On March 26, 2014, “[the Simons] were stunned to learn that defendant Wilson was unwilling to drop criminal trespass charges against plaintiff Sam Simons for trimming grass on the [d]riveway” despite entering into the Settlement Agreement a month earlier. (ECF No. 47 at ¶ 50.) On May 19, 2014, Sam Simons was tried on the 2012 criminal trespass charge in Connecticut state court. (Id. at ¶ 54.) He was found not guilty. (Id.) The Simons contend that Sam Simons' prosecution was based on a map - known as “Map #2010” - which “is currently in use by Defendant Town of Sherman Zoning Enforcement Officer and Town of Sherman Resident State Trooper, ” who “both report to and are supervised by defendant Town of Sherman First Selectman.” (Id. at ¶ 58.) The Simons claim “Map #2010 conflicts with and is contrary to the map attached to the [S]ettlment [A]greement” setting forth the Simons' rights to the Reserve Lot. (Id. at ¶ 57.) The Simons claim that “[d]ue to the close coordination and alliance with the owner of the Reserve lot parcel of land (i.e., defendant Wilson)” with Municipal Defendants, the Simons “believe that Map #2010 could nefariously be used in the future to enforce land use activities authorized by the...[S]ettlement [A]greement and the [U]nderlying [L]and [U]se [A]pprovals.”[3] (Id. at ¶ 58.)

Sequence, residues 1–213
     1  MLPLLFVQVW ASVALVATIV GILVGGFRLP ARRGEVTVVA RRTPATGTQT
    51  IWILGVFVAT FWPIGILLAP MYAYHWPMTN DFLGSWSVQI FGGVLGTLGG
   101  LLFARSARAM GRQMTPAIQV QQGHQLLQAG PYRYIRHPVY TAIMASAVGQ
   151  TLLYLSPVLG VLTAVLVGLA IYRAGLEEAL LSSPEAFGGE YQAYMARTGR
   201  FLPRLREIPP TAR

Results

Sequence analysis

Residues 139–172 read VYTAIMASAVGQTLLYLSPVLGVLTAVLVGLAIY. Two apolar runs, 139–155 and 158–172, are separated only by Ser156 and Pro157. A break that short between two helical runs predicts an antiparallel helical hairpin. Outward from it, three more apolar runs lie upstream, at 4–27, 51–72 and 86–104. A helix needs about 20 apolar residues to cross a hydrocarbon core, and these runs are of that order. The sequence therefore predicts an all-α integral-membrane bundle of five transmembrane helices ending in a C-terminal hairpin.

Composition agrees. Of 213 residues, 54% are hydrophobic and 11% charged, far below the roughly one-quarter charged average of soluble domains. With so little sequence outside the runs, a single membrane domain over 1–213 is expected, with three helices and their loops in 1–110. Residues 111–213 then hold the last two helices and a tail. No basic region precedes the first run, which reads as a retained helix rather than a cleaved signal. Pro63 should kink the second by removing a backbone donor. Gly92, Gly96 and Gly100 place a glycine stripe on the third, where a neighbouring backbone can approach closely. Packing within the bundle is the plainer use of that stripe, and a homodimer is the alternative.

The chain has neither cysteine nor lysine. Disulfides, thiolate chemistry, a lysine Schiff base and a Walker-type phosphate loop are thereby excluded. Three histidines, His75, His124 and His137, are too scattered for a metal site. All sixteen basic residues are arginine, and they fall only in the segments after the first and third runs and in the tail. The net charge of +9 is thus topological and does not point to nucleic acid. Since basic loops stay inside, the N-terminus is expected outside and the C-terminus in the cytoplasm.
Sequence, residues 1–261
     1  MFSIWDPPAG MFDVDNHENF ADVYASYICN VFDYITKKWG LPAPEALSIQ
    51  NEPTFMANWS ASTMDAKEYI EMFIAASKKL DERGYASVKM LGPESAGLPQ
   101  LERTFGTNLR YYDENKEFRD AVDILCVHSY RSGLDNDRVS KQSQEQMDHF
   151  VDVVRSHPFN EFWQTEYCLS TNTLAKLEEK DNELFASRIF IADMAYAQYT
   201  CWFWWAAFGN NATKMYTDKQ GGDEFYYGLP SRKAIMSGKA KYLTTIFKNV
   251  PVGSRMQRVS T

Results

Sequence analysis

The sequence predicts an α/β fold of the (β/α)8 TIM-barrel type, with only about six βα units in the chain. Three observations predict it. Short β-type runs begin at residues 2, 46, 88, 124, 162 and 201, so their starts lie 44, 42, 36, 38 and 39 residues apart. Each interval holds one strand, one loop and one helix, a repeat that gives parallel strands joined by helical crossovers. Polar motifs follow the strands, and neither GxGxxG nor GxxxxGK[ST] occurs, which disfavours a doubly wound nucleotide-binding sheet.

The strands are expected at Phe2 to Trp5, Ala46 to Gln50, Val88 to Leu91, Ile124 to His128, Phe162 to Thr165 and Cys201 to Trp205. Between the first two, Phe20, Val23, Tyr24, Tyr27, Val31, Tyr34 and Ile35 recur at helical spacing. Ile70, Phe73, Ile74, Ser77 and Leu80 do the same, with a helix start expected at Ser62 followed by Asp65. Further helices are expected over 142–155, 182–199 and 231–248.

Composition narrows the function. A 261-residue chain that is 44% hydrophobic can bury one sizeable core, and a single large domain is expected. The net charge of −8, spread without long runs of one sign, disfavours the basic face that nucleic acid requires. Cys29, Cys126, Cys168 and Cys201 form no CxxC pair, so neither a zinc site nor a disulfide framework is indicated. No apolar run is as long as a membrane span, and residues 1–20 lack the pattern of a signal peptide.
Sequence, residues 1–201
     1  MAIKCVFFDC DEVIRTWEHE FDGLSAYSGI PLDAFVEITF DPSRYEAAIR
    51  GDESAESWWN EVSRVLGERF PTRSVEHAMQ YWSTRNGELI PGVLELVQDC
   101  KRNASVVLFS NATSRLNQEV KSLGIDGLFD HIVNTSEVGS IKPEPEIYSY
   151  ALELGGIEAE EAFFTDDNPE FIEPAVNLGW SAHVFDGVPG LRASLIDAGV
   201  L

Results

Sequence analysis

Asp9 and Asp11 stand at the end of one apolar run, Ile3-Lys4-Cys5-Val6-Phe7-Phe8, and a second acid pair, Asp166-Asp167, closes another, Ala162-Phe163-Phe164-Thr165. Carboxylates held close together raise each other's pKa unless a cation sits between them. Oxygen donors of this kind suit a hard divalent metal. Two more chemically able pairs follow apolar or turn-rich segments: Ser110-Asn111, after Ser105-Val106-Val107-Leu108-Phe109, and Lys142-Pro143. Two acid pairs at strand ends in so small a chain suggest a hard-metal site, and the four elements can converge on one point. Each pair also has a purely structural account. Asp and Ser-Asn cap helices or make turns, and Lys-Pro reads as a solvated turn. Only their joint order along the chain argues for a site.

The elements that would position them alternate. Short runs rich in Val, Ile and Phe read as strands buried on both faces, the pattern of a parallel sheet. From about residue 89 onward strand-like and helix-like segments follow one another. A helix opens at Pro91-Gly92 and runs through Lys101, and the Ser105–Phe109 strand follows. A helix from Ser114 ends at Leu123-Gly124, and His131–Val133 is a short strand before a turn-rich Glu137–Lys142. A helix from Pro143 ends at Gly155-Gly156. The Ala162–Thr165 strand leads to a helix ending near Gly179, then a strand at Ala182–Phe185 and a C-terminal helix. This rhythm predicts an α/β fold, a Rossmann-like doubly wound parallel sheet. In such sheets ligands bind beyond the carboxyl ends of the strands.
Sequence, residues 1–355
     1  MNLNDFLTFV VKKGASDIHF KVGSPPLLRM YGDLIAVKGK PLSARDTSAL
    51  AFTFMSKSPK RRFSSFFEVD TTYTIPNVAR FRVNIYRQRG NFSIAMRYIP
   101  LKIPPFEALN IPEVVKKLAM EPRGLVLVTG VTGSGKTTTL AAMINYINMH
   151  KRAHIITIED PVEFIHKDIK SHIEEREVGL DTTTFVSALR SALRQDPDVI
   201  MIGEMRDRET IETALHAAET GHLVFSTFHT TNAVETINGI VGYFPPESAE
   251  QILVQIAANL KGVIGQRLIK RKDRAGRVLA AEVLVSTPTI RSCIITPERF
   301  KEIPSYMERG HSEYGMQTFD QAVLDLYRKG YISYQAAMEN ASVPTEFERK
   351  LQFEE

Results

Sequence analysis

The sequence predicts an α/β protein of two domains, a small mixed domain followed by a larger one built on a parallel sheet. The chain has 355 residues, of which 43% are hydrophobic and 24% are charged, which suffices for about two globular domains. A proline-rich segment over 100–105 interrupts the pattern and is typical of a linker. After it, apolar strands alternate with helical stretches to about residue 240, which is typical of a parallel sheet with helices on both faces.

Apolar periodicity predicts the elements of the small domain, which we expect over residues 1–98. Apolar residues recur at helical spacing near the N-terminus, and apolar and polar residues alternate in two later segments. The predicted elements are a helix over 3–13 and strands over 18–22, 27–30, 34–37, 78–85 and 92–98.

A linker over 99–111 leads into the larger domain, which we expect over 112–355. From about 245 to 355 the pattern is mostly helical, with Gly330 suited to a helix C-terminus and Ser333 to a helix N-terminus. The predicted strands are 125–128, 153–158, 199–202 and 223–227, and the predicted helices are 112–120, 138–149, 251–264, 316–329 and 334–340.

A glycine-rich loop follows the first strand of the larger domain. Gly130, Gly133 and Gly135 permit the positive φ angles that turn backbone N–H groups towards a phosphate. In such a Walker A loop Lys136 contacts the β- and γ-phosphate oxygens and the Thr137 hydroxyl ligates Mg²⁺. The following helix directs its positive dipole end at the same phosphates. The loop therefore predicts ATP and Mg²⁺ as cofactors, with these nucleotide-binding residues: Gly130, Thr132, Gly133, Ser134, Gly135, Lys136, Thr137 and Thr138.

In light of the “prosecution for criminal trespass for trimming grass on the [d]riveway” and prospect of future “nefarious[]” activity by Defendants concerning the Simons' rights to the Reserve Lot, the Simons sent letters to the Municipal Defendants between May 4, 2015, and May 7, 2015. (Id. at ¶¶ 60, 61, 63, 65.) In their letters, the Simons asked the Municipal Defendants to “either (a) acknowledge the scope of permits set forth in Section III.C. of the [S]ettlement [A]greement and underlying land use approvals; or (b) provide citation to the ordinance supporting Town's representations that the [Simons'] activities are unlawful.” (Id. at ¶ 60.) Specifically, the Simons requested “confirm[ation] that the Easement Agreement” in the Settlement Agreement was consistent with the the Underlying Land Use Approvals. (Id. at ¶ 65) The Simons sought the confirmation on the grounds that “there is nothing in the [S]ettlement [A]greement that sets forth the areas and boundaries established by the Municipal Defendants at the time said defendants issued said permits and approvals.” (Id.) Therefore, according to the Simons, “there is nothing available from [the] Municipal Defendants that could be used by an arresting officer of the Connecticut State Police, or a Judge in court proceedings, or anyone else that shows the boundaries associated with said permits and approvals.” (Id.)